What does it all mean? It could all be an elaborate extended metaphor for the role of critic-as-vampire, feeding off the work of others. The protagonist himself is a kind of emotional vampire, demanding love and attention from those around him. Or it could just be a straightforward chilling supernatural tale. Either way, it’s a memorable one.

Questors Theatre: Theatre Tour (Open House London)

Questors Theatre

During Open House London I was particularly excited to tour the Questors Theatre, it being my local theatre in Ealing. The Questors was originally formed in 1929, and staged plays in various venues before ending up in a disused ‘tin’ church building.

In 1952, The Questors bought its current site on Mattock Lane, including Mattock Lodge, the 1851 villa which forms the front of the site. They put in place plans to build a new type of theatre, the first in the UK since before the Second World War, employing Norman Branson of W. S. Hattrell and Partners. A delegation from the Moscow Arts Theatre visited in 1958, dedicating the foundation stone in the Stanislavski Room (the Studio Theatre).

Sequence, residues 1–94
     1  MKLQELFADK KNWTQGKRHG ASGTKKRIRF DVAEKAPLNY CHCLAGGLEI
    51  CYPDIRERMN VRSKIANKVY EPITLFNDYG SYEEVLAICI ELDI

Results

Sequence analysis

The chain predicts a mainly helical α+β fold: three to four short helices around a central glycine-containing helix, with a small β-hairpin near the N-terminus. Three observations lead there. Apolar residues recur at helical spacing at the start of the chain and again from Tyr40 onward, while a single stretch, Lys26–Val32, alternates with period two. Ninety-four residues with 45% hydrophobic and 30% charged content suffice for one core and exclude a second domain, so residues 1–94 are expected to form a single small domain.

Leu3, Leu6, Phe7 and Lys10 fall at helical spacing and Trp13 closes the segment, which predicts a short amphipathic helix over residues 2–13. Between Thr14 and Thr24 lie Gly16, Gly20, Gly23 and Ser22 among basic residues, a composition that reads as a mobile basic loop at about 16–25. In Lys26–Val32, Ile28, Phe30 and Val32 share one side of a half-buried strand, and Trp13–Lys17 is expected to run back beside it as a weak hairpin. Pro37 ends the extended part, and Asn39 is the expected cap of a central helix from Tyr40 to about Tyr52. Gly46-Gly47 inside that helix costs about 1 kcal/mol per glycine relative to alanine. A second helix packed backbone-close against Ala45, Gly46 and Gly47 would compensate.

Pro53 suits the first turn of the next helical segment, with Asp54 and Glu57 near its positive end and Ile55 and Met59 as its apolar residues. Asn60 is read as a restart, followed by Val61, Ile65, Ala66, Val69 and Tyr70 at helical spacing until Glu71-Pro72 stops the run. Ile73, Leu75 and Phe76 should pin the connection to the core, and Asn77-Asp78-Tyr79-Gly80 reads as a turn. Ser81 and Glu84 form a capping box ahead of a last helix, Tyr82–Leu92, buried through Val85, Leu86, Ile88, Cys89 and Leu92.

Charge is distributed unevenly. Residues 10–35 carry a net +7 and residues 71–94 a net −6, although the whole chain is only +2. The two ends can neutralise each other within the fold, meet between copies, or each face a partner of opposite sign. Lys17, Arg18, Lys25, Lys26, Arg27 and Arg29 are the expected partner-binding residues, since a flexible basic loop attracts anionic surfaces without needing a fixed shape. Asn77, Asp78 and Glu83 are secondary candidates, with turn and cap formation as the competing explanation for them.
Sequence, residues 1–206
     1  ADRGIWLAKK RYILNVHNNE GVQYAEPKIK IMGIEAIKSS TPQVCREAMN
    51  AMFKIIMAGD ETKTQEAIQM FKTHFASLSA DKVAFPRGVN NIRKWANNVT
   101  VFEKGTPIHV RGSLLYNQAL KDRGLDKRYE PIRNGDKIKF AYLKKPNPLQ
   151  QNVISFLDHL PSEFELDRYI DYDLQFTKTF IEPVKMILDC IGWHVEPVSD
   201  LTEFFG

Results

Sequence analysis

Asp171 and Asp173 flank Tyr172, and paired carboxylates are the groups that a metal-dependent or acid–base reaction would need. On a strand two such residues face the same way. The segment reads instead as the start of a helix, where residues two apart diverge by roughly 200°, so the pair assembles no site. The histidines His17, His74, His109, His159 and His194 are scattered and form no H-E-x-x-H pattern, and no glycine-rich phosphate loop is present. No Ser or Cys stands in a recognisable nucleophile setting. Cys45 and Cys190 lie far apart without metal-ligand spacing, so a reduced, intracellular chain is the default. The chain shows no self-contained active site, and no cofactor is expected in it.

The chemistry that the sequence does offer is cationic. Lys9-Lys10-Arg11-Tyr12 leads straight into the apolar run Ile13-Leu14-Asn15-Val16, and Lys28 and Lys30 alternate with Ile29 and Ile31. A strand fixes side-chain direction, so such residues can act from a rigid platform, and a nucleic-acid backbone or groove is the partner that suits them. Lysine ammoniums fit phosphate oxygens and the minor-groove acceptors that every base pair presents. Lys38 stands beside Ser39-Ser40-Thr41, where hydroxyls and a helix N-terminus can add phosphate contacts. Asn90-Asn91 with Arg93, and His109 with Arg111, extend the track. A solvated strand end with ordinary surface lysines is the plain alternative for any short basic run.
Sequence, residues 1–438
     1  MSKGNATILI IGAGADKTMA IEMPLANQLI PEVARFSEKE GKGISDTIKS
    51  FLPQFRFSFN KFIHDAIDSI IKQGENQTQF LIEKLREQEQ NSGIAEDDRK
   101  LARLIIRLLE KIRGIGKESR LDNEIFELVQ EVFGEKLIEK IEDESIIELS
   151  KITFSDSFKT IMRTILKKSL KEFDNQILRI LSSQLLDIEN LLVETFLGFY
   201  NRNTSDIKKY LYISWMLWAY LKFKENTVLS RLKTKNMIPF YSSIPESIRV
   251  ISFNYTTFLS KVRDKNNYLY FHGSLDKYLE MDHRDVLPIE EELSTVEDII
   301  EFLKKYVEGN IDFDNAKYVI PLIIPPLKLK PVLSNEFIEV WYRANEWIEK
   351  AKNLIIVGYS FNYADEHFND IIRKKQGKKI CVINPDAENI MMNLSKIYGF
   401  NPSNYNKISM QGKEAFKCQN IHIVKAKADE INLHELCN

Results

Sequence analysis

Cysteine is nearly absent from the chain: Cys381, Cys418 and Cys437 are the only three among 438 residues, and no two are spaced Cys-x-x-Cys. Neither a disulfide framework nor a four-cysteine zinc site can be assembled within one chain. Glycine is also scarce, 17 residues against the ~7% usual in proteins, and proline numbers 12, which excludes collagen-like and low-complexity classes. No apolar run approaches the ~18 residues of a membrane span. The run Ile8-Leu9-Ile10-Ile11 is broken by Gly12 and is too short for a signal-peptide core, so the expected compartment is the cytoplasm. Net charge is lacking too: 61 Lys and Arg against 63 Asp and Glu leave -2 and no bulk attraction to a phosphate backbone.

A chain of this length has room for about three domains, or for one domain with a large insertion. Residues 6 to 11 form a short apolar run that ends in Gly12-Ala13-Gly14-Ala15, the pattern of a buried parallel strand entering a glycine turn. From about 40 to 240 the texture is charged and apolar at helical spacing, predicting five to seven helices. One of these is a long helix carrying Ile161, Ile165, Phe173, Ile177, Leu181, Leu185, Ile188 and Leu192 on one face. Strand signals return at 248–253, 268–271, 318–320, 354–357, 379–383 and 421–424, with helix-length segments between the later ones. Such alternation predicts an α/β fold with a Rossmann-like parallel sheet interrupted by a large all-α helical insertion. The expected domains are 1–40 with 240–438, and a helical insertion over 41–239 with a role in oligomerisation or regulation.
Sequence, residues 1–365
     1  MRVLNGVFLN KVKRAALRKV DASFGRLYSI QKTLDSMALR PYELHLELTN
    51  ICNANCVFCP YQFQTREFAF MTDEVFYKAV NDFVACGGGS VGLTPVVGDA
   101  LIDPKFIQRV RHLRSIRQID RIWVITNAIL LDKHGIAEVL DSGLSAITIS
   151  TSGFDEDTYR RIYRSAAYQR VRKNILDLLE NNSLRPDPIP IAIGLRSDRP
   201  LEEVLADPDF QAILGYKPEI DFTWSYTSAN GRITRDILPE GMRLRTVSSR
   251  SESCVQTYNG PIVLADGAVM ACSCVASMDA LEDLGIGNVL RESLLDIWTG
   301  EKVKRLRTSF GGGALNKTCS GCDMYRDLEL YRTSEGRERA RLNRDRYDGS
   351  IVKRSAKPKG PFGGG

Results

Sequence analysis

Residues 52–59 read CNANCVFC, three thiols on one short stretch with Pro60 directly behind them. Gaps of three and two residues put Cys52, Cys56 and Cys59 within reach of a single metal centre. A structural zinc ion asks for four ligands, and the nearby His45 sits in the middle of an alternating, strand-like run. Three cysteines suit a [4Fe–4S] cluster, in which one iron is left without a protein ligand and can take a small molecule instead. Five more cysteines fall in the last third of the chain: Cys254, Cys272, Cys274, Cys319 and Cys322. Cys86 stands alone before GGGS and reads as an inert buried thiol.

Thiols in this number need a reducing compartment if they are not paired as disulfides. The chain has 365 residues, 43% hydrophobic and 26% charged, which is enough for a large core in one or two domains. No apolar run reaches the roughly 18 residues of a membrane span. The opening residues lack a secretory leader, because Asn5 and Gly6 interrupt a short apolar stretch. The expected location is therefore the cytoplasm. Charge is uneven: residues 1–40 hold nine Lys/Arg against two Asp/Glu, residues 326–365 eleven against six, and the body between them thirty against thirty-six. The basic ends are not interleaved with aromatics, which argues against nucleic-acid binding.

To keep costs down, much of the theatre was built by volunteers, which probably wouldn’t be allowed now! The main auditorium was a revolutionary design, allowing productions to be staged in thrust, proscenium and in the round. This style was later copied by the Chichester Festival Theatre among others. The Questors finally opened in 1964 with a production of Ibsen’s play Brand, attended by HRH Elizabeth the Queen Mother.

My tour started in the foyer, headed into the Studio Theatre and then backstage, exploring the costume store, set design areas, and taking a look at a few set design models. We went out onto the Playhouse stage and then upstairs to the lighting room.